Partial Transcript (Verbatim) of Lobsang Sangay's Comments at the Woodrow Wilson Center

Date: October 27, 2008
Location: Woodrow Wilson Center, Washington, DC

SANGAY:  [Introductory comments]... I thought maybe I can relate Tibet to Obama.  ...If Obama is elected as the next president of America, then I think it will be revolutionary.  I think it will shock the world and, I mean, it will shock me too.  Because I was thinking to myself, slavery ended in hundred and fifty years ago, Martin Luther King made this speech, "I have a dream," 45 years ago.  ...

Take the same timeframe.  Tibet was occupied in 1951 or 59, right?  So 60 years after Tibet was occupied by China, America is on the verge of electing an African-American president.  Look at the, what you call, situation in Tibet.  Now can we ask this question in China: can a Tibetan become the next president of China?  Or a premier of China.  One could say it's impossible, right? 

If you look at the US administration for the last 20, 30 years, at least there has been one or two minorities in the Cabinet.  you have Condi Rice as the secretary of state, and I think Gutires [Gutierres] if I'm spelling, pronouncing his name right, he is the secretary of commerce.  And Ellen Chung, I think, she's the labor secretary right?  Chung.  Yeah.  Labor secretary.  Three of them.  Now compare that with China.  You have 27 or so ministers, no one is minority.  Except for the head of the minorities department, who is a Mongolian.  In the US Congress now, the majority whip, James Clyburn, right, he's the third post powerful person in the Congress is an African-American.  And Charles Rangel from New York is the chairman of the most powerful committee, appropriation[s] committee.  Compare that will Tibetans in the National People's Congress.  Some will say it's a rubber stamp of the Chinese government, there's an interesting debate going on.  Even then, only one Tibetan becomes the vice chair of the National People's Congress.  But what's not said is that there are 20 plus vice chairmen, and the executive vice chairman is often Han Chinese.  Right?  Now even at the Cabinet level, nine members of the Standing Committee of the Politburo, no minorities.  25 members of the politburo, no minorities.  Right?  At least in the US you have.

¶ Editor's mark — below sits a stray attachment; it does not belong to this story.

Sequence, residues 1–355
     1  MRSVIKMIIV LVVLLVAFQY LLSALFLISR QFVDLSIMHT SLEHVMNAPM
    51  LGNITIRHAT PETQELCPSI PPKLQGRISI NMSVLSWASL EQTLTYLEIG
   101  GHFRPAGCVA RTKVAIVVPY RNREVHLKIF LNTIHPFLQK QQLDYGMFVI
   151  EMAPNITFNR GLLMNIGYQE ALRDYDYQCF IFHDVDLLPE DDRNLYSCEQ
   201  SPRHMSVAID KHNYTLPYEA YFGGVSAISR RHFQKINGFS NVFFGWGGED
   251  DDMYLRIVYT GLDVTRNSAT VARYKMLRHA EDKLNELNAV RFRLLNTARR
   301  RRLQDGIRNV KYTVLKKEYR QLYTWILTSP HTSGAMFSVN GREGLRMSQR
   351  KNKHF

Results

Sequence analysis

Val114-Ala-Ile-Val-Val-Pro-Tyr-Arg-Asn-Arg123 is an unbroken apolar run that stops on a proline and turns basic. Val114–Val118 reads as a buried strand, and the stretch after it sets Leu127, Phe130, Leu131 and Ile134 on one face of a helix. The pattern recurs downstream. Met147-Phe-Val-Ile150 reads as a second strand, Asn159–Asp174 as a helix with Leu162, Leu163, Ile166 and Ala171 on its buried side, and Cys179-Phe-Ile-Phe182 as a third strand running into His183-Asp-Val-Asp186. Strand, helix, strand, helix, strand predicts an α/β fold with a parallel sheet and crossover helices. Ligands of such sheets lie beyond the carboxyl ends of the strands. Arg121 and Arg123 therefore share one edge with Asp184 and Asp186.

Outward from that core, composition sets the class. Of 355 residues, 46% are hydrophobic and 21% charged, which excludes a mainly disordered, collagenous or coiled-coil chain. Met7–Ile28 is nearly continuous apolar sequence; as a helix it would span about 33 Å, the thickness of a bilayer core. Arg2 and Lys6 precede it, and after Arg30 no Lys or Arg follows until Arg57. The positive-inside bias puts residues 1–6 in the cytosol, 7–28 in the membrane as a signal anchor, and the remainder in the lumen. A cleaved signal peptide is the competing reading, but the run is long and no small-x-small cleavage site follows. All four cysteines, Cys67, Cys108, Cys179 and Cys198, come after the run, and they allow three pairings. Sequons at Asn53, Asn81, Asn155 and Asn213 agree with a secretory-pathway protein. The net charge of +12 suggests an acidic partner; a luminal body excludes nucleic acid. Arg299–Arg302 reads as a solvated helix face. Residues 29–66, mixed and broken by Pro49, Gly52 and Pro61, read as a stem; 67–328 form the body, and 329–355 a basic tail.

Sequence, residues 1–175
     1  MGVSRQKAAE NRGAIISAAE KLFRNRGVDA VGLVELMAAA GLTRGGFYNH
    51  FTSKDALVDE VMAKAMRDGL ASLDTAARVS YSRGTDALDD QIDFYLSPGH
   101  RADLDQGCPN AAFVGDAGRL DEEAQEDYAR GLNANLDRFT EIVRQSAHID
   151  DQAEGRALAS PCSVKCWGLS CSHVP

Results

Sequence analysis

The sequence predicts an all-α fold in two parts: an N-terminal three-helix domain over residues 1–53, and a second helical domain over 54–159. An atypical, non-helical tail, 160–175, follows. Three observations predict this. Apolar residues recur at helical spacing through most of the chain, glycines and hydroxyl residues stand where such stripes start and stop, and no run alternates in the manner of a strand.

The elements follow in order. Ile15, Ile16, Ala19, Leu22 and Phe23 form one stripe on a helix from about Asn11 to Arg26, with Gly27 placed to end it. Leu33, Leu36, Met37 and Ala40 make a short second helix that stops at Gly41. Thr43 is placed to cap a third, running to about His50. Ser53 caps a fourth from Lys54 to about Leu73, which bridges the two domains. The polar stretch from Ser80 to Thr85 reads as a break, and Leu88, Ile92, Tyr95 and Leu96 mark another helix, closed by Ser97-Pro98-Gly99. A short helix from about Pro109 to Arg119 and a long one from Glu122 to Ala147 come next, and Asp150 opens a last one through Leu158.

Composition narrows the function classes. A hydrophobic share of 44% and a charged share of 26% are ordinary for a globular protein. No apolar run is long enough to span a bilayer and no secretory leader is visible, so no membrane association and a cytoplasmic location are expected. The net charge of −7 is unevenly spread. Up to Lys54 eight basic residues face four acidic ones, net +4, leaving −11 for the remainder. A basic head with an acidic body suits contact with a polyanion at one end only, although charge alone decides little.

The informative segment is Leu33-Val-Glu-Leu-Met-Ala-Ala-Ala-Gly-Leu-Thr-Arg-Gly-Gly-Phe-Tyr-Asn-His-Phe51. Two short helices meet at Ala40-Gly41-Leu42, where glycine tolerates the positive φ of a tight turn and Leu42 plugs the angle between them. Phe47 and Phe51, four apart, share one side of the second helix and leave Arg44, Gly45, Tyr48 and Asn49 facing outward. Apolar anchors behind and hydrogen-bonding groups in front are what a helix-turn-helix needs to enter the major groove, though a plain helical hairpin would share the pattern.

So now you know, now, if you, and then, if you look at the situation in Tibet Autonomous Region or Tibetan areas in Sichuan, Gansu, Yunan [Eds: and Qinghai] province I think it's worse.  For example in the last 50 plus years, the party secretary of the Tibet Autonomous Region, has never been a Tibetan.  Not just that, in the standing committee of the politburo of the Tibet Autonomous Region, out of 15 members, right, 8 are Han Chinese.  ...

So why I say this?  Of course one could say, you know, it's not relevant.   Mark's cousin, I heard, Jerry Cohen, will say "don't compare American democratic theory with reality in China."  But I'm comparing reality in America with Reality in China.  Right?  Is, since 43 years of Civil Rights Act, so much of [sic] changes have happened for African Americans.  I'm not saying is alright, definitely not.  But the trajectory of African-Americans, at least the political representation in the US, US government, has been on the upswing.  As for Tibetans, it is going down.  Of course, zero at the national level, even at the local level it is going down.  ...

[About 2008 uprising.]  Now, there is a past precedent.  In 1951, '9 too, there was an uprising.  '87 '88 '89, there were uprising.  Now there are correlations between dialogues not working, and leading to uprising.  Because in 1951, the Tibetan, local Tibetan government in exile [sic] asked for the Chinese government and the central government of China [sic] signed the Seventeen Point Agreement.  Right, through dialogue, but the Chinese government did not implement most of the provisions of the Seventeen Pt Agreement and hence partly led to the 1959 uprising.  Now as Allen mentioned in early '80s the liberal leader Hu Yaobang led or made efforts to introduce liberal policies in Tibet Autonomous Reg and Tibetan areas as well as have dialogue with representatives of Dalai Lama.  Hu Yaobang fell out of power, it did not lead anywhere, and because the dialogue fell through, '87 '88 '89 uprising happened.  Now as for 2008, since 2002 eight meetings have taken place between the Chinese and Tibetan government [sic].  And there is no breakthrough whatsoever, hence there was uprising in March and April of 2008.  So there is a correllation between dialogues not working and uprising.